Table of Contents
- 1 Can You Trade In a Car With a Loan? Similar to selling a car with a lien on it, you can trade in a car with a loan on it; the process just requires a few more steps than if you had a clear title. It’s very common — dealerships do it every day. Here’s how. How Dealer Trade-Ins Work on Cars With Loans
- 2 Trade-Ins When You Owe Less Than the Car is Worth
- 3 Trade-Ins When Your Car Loan is Upside-Down
- 4 Rolling Over an Upside-Down Car Loan
Can You Trade In a Car With a Loan?
Similar to selling a car with a lien on it, you can trade in a car with a loan on it; the process just requires a few more steps than if you had a clear title. It’s very common — dealerships do it every day. Here’s how.
How Dealer Trade-Ins Work on Cars With Loans
First, you need to determine your payoff amount. This is how much you have left on your loan — literally how much it would cost to pay off the loan right now. Call your lender and ask for your payoff amount, and consider asking for the amount in writing, just to be safe.
Next, determine the value of your car. Use resources like local ads, Kelly Blue Book, or Edmunds and look for the car’s trade-in price. The key number is the difference between the two, which we’ll address shortly.
It’s important to know that just because you trade the car in doesn’t mean the loan goes away. Depending on your situation, you have three options:
- Trading in your current car and using any extra money towards a new car;
- Trading in your current car and paying off the difference; or
- Trading in your car and rolling over the loan. Let’s look at what each of these options means.
Trade-Ins When You Owe Less Than the Car is Worth
If your car is worth more than the payoff price, congratulations! You have positive equity, and can put that equity towards your new car. This is the best-case scenario for trading in a car with a loan.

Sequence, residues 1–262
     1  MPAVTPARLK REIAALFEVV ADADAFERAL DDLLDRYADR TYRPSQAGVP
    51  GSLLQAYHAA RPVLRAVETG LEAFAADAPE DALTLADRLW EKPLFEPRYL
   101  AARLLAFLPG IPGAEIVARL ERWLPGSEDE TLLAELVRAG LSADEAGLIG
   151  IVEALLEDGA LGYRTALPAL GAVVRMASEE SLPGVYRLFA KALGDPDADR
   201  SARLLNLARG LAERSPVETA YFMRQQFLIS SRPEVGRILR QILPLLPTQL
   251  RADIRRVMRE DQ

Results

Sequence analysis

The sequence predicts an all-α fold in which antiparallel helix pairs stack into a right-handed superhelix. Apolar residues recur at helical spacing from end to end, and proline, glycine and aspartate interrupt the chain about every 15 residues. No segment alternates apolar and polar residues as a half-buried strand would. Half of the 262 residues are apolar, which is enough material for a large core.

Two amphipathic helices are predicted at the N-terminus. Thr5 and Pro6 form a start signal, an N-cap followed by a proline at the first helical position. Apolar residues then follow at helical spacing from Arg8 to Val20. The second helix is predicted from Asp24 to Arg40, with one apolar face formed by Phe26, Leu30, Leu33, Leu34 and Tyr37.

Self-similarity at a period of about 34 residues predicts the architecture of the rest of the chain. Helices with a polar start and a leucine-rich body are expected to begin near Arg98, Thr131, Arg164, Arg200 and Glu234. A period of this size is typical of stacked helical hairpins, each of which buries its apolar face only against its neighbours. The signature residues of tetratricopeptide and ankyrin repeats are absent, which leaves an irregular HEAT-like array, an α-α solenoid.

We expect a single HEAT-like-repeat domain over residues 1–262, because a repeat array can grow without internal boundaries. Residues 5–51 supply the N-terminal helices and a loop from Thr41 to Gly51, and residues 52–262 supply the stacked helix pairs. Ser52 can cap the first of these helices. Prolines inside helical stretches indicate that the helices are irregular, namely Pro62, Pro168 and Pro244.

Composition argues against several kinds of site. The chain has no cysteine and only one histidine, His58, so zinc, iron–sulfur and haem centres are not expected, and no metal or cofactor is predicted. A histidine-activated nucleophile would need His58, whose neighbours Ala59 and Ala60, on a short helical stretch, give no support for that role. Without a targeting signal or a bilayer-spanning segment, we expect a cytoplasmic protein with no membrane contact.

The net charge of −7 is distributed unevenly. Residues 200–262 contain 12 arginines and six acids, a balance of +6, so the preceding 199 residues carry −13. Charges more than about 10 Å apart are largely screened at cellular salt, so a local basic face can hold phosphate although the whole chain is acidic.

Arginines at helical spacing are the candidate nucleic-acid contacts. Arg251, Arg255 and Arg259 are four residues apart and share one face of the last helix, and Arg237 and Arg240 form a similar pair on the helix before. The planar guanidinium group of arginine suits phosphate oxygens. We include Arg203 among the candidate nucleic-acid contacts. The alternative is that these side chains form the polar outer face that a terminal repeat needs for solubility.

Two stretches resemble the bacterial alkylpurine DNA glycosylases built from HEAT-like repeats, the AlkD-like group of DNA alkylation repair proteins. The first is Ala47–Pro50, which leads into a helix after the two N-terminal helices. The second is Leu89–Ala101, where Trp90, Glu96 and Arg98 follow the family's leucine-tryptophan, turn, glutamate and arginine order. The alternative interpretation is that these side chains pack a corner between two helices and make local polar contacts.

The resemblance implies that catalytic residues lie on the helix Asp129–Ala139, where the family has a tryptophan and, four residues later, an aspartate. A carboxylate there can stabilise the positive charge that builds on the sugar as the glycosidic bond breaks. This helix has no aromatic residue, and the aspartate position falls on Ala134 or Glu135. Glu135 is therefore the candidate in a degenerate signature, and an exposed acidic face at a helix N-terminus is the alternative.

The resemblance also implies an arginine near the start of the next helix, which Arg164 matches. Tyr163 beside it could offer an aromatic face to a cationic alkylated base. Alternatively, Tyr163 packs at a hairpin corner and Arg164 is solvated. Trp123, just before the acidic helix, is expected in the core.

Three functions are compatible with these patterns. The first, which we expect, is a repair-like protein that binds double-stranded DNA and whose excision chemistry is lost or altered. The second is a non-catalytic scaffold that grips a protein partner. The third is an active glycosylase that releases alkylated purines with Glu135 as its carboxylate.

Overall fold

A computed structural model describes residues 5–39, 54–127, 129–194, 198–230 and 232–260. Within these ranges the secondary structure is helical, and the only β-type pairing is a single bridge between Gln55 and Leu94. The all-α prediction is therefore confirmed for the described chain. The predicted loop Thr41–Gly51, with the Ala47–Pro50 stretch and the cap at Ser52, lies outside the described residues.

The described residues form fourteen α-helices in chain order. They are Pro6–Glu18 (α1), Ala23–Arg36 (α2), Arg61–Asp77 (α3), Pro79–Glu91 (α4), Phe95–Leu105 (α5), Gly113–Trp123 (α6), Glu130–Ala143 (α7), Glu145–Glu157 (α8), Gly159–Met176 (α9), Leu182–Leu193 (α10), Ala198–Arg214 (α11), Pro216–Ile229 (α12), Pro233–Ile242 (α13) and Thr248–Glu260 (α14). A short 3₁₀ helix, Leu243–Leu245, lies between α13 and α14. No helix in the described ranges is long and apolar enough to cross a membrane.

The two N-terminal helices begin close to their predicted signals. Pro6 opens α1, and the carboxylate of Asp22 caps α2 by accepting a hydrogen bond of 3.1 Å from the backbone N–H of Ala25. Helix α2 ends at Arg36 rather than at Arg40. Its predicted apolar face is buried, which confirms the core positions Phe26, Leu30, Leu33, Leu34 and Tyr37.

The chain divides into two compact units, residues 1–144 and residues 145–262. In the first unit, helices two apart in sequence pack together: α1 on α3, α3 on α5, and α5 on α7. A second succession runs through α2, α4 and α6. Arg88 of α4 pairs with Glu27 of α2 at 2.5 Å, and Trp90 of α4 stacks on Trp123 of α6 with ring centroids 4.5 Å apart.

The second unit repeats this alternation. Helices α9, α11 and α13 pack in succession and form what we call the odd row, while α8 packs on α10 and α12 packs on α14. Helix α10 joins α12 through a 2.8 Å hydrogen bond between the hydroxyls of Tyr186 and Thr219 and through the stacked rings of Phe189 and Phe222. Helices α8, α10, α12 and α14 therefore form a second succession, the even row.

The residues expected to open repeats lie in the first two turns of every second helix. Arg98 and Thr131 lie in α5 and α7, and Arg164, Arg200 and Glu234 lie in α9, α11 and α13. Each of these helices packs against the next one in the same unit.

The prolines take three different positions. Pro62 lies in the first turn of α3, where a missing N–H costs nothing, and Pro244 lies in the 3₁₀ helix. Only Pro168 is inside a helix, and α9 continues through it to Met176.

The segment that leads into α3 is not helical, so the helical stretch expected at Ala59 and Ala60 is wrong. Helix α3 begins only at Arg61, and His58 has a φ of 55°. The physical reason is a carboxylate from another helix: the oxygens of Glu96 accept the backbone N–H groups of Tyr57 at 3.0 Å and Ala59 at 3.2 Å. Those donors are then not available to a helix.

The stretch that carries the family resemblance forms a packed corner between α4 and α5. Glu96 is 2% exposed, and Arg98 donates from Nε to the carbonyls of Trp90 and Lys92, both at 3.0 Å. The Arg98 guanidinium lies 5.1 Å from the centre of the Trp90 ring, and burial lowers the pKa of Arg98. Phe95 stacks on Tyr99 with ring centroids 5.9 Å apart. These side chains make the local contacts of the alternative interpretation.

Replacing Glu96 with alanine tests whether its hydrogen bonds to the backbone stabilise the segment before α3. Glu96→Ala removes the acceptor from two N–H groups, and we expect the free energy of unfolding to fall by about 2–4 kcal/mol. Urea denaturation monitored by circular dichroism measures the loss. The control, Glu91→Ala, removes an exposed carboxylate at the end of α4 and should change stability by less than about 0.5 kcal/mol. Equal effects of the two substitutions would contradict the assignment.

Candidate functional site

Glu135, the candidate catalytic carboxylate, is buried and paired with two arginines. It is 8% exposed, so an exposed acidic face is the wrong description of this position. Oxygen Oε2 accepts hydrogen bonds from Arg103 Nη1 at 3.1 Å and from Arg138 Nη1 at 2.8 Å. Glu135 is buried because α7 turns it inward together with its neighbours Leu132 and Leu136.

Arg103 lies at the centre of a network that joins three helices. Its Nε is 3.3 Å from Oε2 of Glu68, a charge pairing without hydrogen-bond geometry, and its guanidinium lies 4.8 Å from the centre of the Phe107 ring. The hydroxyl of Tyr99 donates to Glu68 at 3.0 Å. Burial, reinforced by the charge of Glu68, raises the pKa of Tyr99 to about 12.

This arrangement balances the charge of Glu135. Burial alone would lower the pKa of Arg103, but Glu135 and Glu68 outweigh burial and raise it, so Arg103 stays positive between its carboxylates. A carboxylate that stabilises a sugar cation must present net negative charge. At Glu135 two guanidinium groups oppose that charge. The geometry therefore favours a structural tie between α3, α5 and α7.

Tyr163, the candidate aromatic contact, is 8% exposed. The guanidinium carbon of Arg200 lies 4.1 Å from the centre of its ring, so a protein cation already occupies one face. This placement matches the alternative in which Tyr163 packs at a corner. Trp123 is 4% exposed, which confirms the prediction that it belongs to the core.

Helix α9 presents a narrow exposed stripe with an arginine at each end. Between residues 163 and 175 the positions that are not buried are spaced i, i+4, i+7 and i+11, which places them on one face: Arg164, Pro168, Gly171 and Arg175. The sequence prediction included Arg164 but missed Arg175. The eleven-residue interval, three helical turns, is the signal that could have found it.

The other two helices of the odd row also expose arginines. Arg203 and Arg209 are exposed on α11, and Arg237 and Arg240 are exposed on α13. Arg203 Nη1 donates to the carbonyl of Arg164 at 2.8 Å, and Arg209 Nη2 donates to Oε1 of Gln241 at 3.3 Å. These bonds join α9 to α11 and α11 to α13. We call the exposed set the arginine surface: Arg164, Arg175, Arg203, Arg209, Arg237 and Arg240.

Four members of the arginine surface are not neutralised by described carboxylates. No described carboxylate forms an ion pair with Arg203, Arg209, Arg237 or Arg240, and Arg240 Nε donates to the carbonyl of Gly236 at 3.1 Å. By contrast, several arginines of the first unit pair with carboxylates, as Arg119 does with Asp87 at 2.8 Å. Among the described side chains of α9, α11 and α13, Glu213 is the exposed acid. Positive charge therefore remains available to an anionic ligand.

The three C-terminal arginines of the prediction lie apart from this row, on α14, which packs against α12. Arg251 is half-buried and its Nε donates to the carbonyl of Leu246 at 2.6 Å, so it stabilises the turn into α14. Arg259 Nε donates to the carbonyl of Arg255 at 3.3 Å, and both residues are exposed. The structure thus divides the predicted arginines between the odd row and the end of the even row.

For example, if you owe $3,000 on the car, but the trade-in price is $5,000, you can pay off the loan and put the extra $2,000 toward a new car.
Trade-Ins When Your Car Loan is Upside-Down
If, however, the value is less than the payoff, you have negative equity and are upside down in the loan.
Let’s flip the last example — you owe $5,000, and the trade-in is only $3,000. That is negative equity. As mentioned above, there’s two options for this situation. First, you can pay the difference yourself, fully paying off the loan. You’ll have to come up with the money from somewhere else, but the loan will be paid off.
Without the extra money to pay off the loan, however, you will need to roll the difference into the purchase of your next car.
Rolling Over an Upside-Down Car Loan
With negative equity, you can add what you owe to your new car’s loan. Using the example above, you traded in a $3,000 car with $5,000 still owed. After the trade in, you have a balance of $2,000. If you are trading in for a $20,000 car, the dealership will tack on the $2,000 to make a total of $22,000 owed.
The important part of the transaction is the interest. You will be paying interest on $22,000, not $20,000, meaning you will end up paying more in the long run if you roll over the difference to a new loan. This can lead to being upside down again, starting the cycle over. If at all possible, pay off the loan and do not let it roll over.
It’s not only possible but common for drivers to trade in a car that still has a loan or a lien on it. Just be sure that, if you intend to trade for a new car, have positive equity on the loan, or have the extra money to cover the difference between the trade-in price and the loan payoff amount.
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